Jillian Doherty

    If I could give 10 stars, that still wouldn't be enough~ Incredible unexplored history meets well honed characters you become fully devoted to~ plus throughout the story Moyes weaves incredible literary passages, newspaper or journal snippets, which helps illustrate the journey the characters are living with beguiling clarity. For fans of the unyielding frontier heroism, for readers of layered history, and incredible character growth and connection - as well as those who adore and/or have never If I could give 10 stars, that still wouldn't be enough~ Incredible unexplored history meets well honed characters you become fully devoted to~ plus throughout the story Moyes weaves incredible literary passages, newspaper or journal snippets, which helps illustrate the journey the characters are living with beguiling clarity. For fans of the unyielding frontier heroism, for readers of layered history, and incredible character growth and connection - as well as those who adore and/or have never read Jojo Moyes before! I could make this a 4 page review but instead I hope you read and love it too! Galley borrowed from the publisher.

  30. 5 out of 5

    Corina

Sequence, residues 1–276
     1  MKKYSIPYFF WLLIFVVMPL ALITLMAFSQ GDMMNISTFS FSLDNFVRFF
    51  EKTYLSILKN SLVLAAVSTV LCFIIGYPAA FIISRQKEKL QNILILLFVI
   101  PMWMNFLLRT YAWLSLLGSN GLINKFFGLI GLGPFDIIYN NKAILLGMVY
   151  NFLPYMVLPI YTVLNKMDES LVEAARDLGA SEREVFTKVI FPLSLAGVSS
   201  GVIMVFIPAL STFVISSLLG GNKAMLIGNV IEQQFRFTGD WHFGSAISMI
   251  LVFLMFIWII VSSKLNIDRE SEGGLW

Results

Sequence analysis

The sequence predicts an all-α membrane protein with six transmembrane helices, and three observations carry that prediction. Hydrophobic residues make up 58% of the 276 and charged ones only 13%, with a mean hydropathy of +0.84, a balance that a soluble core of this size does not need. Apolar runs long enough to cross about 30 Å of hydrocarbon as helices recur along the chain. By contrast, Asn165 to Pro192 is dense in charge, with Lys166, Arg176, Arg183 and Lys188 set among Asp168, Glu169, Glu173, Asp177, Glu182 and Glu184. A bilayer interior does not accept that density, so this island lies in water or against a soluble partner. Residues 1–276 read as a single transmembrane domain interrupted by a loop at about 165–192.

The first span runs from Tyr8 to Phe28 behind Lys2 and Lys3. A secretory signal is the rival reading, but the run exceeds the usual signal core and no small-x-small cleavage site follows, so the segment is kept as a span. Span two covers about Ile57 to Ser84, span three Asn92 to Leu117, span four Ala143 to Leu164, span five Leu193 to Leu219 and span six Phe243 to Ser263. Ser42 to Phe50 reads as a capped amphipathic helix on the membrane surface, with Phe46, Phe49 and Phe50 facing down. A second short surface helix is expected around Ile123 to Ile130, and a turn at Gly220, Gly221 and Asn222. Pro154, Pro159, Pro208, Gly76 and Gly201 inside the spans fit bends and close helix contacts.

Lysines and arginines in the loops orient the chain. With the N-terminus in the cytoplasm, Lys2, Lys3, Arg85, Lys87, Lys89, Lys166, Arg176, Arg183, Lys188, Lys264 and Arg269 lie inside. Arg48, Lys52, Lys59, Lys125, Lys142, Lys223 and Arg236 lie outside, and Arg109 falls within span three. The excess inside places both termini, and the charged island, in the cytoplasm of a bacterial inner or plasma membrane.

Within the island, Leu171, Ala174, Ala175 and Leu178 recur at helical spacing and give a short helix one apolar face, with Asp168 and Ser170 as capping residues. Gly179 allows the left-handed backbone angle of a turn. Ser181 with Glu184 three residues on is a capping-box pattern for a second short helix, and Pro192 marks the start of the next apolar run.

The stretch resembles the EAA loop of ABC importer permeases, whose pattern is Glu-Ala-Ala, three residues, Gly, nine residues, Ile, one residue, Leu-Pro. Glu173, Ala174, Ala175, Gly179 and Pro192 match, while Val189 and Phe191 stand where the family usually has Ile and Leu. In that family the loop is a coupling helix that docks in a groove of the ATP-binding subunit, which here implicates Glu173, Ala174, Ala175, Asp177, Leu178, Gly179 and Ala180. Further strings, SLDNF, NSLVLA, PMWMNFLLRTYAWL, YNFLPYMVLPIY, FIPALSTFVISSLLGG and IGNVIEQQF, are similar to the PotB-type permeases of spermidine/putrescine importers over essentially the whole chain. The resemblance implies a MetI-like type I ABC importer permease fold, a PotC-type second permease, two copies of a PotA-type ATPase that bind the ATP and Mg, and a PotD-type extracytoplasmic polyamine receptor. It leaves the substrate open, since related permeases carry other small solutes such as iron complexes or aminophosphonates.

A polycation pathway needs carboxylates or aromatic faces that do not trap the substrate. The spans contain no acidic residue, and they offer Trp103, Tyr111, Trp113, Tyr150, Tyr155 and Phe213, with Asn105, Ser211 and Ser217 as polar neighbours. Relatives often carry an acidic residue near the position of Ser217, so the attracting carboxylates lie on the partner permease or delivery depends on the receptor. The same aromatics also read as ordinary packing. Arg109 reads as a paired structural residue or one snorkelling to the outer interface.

Honestly, I had the easiest time giving this book the 5 stars it deserves, and I rarely give them out, but the combination of writing, the many strong female characters and the historical background made this book one of the most amazing books I read this year. Just stunning, from beginning to end. I loved that the book was more than just about Alice Wright. It was about Alice but also about Margery O’Hare, about Sophia, Kathleen and Beth and Izzy. All these women, took part in a movement, an Honestly, I had the easiest time giving this book the 5 stars it deserves, and I rarely give them out, but the combination of writing, the many strong female characters and the historical background made this book one of the most amazing books I read this year. Just stunning, from beginning to end. I loved that the book was more than just about Alice Wright. It was about Alice but also about Margery O’Hare, about Sophia, Kathleen and Beth and Izzy. All these women, took part in a movement, an organization that brought hope and happiness to a mountain region that could be harsh, and was definitely poor. Knowing that the WPA’s (Works Progress Administration) Pack Horse Librarians of Kentucky really existed made this book extra special. But besides all that, the way all these lives intersected, and the way the plot was written touched my heart and elevated this story to one of the best reading experiences of 2019. I was enchanted, enthralled, and fascinated by their lives, by everyone these ladies encountered, how much love and friendship they found in each other, and how gutsy they all were. I’m happy to say that the book was a feel good novel to the very end. It was easy to fall in love with the story, and its characters. And even better it kept its heart warming message to the very end. HEA all around. An absolute MUST READ for anyone that enjoys a well written story, and in this case a historical fiction novel that’s based on real events. Oh, and the narration was superb. Julia Whelan is an exceptional narrator, and after checking Audible I realized I've listened to quite a few of her books.